Farm Bureau adopts resolutions
Published 10:14 am Wednesday, August 29, 2018
The members of the Southampton County Farm Bureau agreed on four resolutions during its annual meeting, which took place last Thursday in the Regional Workforce Development Center at Paul D. Camp Community College.
Michael Drake, one of 12 board directors, presented the proposals to those members who attended.
One: We support cleaning and re-establishing outfall ditches to help address the deterioration of our road’s structural integrity and improve public safety.
Two: We support strengthening the “Right to Farm” law to better protect nuisance complaints against producers.
Three: We oppose utility scale solar farms on prime productive agricultural land. Drake added, “We do not condemn solar energy, but we have an obligation on our part to protect agricultural land.”
Four: Current state code advertising requirements present financial burdens on localities, therefore, we support a simplified application process for establishing agriculture forestal districts within a county. Drake said that such advertising can be “very costly. Very costly.”
In earlier businesses that evening, John M. Drewry gave a report on the insurance facet of the bureau, noting that financially in 2017, there was a surplus of money to pay future claims. Further, the bureau rating is now graded at A-, which he said was “quite an accomplishment for us.”
Drewry said the farm bureau alliance continues to grow, and encouraged members to “invest time” with their agents. He urged people to attend the State Fair, which will be from Sept. 28 through Oct. 7. Gary Cross was commended for his service as bureau president.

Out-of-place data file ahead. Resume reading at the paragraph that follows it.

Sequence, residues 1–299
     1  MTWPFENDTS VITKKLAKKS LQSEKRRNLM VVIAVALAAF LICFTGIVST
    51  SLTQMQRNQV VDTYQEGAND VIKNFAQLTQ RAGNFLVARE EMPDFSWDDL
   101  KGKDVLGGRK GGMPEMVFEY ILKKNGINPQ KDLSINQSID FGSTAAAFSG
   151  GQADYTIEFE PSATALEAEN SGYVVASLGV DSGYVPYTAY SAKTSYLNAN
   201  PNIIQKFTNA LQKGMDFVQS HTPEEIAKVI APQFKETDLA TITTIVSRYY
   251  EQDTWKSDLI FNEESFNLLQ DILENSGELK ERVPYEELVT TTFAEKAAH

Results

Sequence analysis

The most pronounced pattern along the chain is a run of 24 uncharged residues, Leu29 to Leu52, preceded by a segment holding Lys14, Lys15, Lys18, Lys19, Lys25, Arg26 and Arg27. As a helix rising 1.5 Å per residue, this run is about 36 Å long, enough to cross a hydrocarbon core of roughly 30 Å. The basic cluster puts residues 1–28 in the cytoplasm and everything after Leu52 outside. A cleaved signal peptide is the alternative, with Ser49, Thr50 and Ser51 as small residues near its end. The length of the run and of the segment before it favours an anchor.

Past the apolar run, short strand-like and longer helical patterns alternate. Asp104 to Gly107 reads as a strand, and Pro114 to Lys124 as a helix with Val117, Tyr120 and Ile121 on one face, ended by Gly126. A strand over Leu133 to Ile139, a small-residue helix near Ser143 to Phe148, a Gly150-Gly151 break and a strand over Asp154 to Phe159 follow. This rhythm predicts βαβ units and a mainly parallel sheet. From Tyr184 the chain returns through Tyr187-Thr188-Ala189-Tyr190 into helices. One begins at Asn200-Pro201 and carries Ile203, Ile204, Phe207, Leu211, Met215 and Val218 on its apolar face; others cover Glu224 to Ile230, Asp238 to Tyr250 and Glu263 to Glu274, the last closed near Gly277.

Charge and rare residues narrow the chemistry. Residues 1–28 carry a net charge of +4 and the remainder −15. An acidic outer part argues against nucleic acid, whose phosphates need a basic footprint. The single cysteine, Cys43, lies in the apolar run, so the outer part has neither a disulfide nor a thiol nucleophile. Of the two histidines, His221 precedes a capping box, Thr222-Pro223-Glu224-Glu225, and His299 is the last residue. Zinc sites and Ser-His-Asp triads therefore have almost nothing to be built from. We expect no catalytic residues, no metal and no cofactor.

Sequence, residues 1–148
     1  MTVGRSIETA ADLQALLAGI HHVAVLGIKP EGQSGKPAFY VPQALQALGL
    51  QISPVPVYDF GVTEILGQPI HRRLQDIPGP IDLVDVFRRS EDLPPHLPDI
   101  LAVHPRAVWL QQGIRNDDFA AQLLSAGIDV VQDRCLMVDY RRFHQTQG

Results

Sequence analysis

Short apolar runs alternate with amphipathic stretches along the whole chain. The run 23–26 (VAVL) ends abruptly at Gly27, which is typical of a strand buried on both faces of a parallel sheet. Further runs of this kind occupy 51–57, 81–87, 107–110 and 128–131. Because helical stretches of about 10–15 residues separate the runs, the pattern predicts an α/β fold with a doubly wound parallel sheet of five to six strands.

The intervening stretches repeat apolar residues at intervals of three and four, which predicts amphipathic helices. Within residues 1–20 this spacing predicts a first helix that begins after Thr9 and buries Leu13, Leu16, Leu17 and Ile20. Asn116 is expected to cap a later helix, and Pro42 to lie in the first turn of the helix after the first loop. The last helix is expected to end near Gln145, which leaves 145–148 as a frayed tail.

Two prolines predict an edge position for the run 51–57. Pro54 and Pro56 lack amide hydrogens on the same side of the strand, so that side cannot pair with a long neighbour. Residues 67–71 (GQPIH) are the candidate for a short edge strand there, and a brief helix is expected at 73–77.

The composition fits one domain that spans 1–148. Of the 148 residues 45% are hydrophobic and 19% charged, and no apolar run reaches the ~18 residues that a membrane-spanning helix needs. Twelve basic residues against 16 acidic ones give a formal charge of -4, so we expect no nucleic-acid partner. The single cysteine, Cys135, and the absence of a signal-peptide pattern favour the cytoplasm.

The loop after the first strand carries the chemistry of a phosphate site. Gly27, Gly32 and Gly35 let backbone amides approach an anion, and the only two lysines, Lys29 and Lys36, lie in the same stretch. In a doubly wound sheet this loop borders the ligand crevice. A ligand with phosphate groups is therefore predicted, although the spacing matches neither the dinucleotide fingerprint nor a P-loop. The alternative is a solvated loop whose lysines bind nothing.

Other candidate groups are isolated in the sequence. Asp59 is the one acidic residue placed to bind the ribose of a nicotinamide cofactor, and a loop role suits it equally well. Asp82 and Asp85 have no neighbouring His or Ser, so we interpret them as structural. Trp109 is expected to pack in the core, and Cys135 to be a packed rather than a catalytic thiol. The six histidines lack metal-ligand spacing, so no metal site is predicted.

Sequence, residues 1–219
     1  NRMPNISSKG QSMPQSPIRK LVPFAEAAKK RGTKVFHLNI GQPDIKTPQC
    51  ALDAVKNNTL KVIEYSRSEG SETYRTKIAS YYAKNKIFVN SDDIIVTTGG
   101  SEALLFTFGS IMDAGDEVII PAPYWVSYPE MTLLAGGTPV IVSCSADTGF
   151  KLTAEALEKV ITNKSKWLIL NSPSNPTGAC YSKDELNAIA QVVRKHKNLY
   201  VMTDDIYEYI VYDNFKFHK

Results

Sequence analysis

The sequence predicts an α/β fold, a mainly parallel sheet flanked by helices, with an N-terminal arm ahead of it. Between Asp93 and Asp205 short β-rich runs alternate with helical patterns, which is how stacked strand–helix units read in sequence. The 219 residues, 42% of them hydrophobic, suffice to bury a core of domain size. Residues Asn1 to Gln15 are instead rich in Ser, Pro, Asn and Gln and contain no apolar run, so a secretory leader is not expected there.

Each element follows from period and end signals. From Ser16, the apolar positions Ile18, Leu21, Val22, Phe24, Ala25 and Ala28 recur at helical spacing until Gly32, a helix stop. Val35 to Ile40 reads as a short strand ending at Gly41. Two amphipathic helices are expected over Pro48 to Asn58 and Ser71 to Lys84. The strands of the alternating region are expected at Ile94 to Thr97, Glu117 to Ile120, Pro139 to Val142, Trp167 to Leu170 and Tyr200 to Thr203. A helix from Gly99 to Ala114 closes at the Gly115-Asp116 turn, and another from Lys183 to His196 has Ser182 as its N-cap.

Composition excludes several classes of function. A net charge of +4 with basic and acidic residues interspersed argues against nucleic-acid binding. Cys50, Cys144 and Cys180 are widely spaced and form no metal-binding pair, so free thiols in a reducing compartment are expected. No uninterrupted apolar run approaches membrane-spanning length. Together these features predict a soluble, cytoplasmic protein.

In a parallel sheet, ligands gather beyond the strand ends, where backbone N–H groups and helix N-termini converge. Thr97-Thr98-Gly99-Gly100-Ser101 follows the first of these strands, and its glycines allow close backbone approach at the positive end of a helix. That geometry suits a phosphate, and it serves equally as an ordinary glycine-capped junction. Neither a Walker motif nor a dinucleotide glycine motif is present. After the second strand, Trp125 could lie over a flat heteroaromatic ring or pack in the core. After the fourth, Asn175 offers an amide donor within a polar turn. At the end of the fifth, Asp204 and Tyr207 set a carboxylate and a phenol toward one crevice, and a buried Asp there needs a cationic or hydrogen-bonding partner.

“We need people like that to speak up,” Drewry said of Cross.
Clay Francis, stepping in for district field services representative Daryl Butler, pointed out that membership numbers are trending upward, with 191 ahead from last year.
Also giving positive news were Marguerite Cross and Renita Snyder of the Women’s Committee, who said the group has had “a pretty good year overall.” They referenced a recent women’s meeting, describing it as “very empowering,” and are also looking this fall to organize an estate planning workshop this winter.
Snyder made the presentation of $250 scholarships each to four Southampton High School 2018 graduates. She said there had been many applicants, and the question was asked — and answered —as to whether or not to reward the four final choices. The following are studying in majors pertaining to agriculture-related careers.
• Brittany Cobb, daughter of Cynthia Cobb, is attending Richard Bland College.
• Taylor Cross, daughter of Gary and Marguerite Cross, is attending North Carolina State University.
• Lee Johnson, son of Dan and Jennifer Johnson, is attending PDCCC, and will later transfer to Virginia Tech.
• Hannah Reedy, daughter of David and Michele Reedy, is studying at Wake Technical Community College, and will later transfer to NCSU.
The bureau’s board of directors, represented by Michael Drake, also presented scholarships. Though only two are usually given, this year the agreement was that all of the aforementioned students should also be supported, each with $1,000. The money has already been sent to their respective schools.